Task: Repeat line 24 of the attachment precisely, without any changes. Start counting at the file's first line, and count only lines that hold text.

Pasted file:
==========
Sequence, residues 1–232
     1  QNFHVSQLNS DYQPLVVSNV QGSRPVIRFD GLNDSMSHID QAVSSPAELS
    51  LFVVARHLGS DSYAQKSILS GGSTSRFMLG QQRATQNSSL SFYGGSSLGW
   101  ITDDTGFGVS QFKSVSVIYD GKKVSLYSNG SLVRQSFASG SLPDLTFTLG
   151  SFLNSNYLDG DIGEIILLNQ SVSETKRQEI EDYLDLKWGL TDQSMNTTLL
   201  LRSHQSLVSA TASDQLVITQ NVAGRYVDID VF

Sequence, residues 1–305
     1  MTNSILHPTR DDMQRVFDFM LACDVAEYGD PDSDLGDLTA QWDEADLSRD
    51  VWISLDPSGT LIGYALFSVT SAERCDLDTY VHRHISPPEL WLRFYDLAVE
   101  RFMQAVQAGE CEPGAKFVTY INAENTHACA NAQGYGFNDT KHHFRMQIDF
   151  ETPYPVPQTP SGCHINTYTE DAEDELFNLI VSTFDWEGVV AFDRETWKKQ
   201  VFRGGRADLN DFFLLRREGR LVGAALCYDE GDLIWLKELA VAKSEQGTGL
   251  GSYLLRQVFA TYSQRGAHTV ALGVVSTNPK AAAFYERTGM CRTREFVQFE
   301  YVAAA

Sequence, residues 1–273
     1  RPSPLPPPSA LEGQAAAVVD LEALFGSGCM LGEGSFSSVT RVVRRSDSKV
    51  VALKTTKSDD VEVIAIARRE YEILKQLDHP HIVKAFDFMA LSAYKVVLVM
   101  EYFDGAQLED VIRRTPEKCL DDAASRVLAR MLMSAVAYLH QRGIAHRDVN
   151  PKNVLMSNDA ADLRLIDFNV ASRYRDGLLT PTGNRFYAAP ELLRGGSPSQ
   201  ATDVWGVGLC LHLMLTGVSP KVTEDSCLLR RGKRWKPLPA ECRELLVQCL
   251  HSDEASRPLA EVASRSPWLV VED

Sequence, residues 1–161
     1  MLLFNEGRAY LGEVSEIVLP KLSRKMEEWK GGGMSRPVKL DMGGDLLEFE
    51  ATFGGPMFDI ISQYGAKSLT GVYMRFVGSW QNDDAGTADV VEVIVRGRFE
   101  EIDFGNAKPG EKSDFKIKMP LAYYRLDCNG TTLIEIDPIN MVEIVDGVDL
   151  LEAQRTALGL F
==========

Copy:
    51  ATFGGPMFDI ISQYGAKSLT GVYMRFVGSW QNDDAGTADV VEVIVRGRFE